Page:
"The Jubilee Church commission was the result of an international competition, and the Vatican's short list included Meier, Gehry, Behnisch, Calatrava, Eisenman and Ando," said Architectural Review in a must-read review of the winner, Richard Meier's breathtaking masterpiece, "the 50th church to be inaugurated in the Vatican's Millennium Project. Each church has a community centre, and they are built in various parish districts throughout Rome." (National Buiilding Museum photo from "Liquid Stone: New Architecture in Concrete")
"An old friend, the late Daniel Boorstin, who was a very good historian and Librarian of Congress, said that trying to plan for the future without a sense of the past is like trying to plant cut flowers," said historian David McCullough in a Hillsdale College National Leadership Seminar last winter. That thought reminded us of a comment by the head of the German seminary where Pope Benedict XVI studied -- blogged here the other day -- "Only someone who knows tradition is able to shape the future." Now we stumble onto Michael A. Rose's Ugly as Sin: Why They Changed Our Churches from Sacred Places to Meeting Spaces and How We Can Change Them Back Again. At first glance it seems to echo the same theme of building upon the shoulders of the past. (Executive Editor of Cruxnews.com, Rose is the man behind the new pope benedict XVI blog launched just the other day.) From an Architettura della chiesa review re another of Rose's books:
"One who deserves credit for promoting the new renaissance in sacred architecture as well as the burgeoning Catholic-preservation movement is critic and author Michael S. Rose," wrote Duncan Stroik, the editor of Sacred Architecture, in 2001.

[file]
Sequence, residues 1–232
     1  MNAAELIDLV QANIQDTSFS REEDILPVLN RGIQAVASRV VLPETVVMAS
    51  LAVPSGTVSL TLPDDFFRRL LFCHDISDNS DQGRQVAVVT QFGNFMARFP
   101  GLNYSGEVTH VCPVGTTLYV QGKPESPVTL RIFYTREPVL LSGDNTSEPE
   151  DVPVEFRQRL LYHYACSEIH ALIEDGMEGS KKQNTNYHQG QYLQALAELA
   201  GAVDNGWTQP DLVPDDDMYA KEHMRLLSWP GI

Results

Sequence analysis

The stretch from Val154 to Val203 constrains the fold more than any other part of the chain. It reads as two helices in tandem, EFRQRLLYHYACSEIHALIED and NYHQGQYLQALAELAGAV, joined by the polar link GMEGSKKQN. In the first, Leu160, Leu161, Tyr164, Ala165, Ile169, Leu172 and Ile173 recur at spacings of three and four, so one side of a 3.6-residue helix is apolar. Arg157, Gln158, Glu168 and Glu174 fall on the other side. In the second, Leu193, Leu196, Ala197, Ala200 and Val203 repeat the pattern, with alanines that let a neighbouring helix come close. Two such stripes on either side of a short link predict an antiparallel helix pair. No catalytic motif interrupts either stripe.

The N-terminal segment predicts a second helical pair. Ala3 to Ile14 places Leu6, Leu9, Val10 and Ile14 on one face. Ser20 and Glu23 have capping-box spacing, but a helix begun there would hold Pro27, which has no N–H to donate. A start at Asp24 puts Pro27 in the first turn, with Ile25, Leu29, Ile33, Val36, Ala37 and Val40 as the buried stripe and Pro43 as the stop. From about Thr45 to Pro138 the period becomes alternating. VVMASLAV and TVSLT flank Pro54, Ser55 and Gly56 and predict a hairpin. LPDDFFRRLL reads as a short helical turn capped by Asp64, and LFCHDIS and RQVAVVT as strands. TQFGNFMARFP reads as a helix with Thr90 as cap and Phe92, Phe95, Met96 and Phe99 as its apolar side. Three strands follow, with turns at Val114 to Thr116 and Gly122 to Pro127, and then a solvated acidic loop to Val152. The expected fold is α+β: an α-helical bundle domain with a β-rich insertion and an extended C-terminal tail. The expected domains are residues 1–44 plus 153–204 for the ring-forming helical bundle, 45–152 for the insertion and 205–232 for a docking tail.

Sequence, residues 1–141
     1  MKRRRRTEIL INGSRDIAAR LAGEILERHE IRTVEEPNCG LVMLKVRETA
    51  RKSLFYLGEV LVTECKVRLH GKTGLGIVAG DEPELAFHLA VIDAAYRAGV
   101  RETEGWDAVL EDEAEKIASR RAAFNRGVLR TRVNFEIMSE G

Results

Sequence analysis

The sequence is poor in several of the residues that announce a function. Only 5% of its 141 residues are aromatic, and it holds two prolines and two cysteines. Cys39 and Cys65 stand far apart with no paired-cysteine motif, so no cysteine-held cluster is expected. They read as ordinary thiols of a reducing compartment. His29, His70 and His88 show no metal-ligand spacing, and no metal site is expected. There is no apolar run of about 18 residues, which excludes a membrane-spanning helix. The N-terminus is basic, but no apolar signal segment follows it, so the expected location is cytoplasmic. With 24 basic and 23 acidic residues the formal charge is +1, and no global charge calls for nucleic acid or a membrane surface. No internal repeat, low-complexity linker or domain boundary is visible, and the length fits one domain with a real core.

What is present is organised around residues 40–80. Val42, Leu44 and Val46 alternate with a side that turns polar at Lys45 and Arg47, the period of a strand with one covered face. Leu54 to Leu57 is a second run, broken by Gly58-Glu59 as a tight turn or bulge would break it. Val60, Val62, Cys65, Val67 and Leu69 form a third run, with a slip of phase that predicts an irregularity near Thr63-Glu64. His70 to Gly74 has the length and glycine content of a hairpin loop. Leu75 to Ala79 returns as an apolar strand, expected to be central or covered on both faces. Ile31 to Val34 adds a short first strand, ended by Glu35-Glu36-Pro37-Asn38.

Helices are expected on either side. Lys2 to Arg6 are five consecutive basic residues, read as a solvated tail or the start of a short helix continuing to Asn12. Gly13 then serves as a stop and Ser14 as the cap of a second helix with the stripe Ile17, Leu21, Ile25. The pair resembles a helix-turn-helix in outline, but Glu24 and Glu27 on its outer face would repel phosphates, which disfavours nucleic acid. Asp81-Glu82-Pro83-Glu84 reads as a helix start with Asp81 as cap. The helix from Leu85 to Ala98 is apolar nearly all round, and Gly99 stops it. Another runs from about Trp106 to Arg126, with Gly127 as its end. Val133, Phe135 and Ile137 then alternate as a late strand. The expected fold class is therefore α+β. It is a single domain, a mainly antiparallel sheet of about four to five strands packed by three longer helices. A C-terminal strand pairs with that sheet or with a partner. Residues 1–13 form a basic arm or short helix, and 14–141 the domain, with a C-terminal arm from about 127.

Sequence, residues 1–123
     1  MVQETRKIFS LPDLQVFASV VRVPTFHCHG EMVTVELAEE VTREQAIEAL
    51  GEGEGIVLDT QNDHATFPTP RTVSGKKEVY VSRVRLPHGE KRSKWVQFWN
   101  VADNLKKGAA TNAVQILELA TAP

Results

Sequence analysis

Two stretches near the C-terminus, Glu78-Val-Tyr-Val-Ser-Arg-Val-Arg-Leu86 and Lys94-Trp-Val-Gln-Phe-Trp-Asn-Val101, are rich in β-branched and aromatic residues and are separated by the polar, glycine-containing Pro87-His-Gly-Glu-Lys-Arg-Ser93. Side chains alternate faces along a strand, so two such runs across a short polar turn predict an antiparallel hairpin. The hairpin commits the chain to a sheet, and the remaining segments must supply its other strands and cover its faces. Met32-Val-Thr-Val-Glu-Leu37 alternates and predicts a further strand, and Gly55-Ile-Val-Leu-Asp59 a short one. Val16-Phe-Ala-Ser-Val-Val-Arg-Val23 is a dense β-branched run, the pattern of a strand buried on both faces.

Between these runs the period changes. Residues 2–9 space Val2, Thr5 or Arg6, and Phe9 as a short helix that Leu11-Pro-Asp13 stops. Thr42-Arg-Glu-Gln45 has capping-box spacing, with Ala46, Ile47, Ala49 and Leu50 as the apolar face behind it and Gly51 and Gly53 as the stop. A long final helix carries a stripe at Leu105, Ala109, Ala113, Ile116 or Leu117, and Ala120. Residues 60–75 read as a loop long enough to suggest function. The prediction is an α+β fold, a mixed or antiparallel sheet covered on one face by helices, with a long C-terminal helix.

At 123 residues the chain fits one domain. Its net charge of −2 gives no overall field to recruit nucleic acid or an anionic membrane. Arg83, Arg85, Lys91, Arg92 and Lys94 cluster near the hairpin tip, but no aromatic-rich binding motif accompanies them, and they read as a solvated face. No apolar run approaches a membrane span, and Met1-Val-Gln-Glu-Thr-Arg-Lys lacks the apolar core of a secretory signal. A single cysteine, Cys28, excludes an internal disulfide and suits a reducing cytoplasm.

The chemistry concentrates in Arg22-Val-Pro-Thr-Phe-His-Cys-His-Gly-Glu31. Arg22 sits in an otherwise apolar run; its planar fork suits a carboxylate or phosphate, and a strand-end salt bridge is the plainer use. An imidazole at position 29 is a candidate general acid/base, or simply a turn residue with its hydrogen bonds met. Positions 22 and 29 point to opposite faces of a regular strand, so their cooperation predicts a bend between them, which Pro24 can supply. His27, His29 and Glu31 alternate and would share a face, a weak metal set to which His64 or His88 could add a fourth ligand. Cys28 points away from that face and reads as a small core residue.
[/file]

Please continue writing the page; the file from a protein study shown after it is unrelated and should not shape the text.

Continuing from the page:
New renaissance in sacred architecture? What's that? we wondered. Our own landscape-architectural background made us think of the sacred spaces of cathedrals and churches designed by such contemporary giants as Richard Meier, Tadao Ando and Jose Rafael Moneo -- all three Pritzker Prize winners -- some of whose works (both sacred and profane) we've blogged here from time to time.
Interior of Meier's Jubilee Church in Rome. (Andrea Jemolo Photo, Wired New York Forum) Thank God the Holy Father didn't choose Gehry or Eisenman.
But a little Googling reveals a lively debate about the proper architectural language of sacred placemaking among Catholic architects and critics, many of whom -- together with the average "pew Catholic" -- carry no water for architectural award winners. Rose, who dismisses the modernist project without understanding its subtleties as expressed in the work of leading architects of our day, represents those seeking an architecture based on the traditional language of the church to counter "the banal and uninspiring designs" promoted throughout the Catholic world since the mid-sixties" [They've got a point there. --ed]. He quotes Notre Dame professor/architect Duncan G. Stroik, who "articulates the ideal genius loci [spirit of the place, a favorite meme of landscape architects] of the Catholic church building":
People should see and feel that they are entering a place out of the ordinary, a place in which the concerns of life can be seen in relation to eternity.
Holy Family Chapel by Notre Dame architect/professor Duncan G. Stroik exemplifies aspirations of contemporary Catholic architects who use traditional elements to fashion sacred spaces in reaction to the typically soulless Catholic interiors of the last few decades. The actual design suggests a "lite" version of the Greek (Classical?) Revival South Church (c. 1823) in Portsmouth, New Hampshire, blogged here (scroll down for photo).
Detail of interior of the Sunday School addition of Tadao Ando's Church of the Light, Osaka (Galinsky Photo)
They should feel they are entering a place out of the ordinary. How can you argue with that? As the great founder of the International Style -- whose imitators never really got it -- Mies said, "God is in the details." Both Stroik's historically-referent designs and the Pritzker Prize winners' soaring designs based upon new materials and contemporary metaphors fill the bill of making us feel we are entering a place out of the ordinary.
We report, you decide. Each has its place, and we like 'em both in their place.
Update: Arcady at Good Church Design links.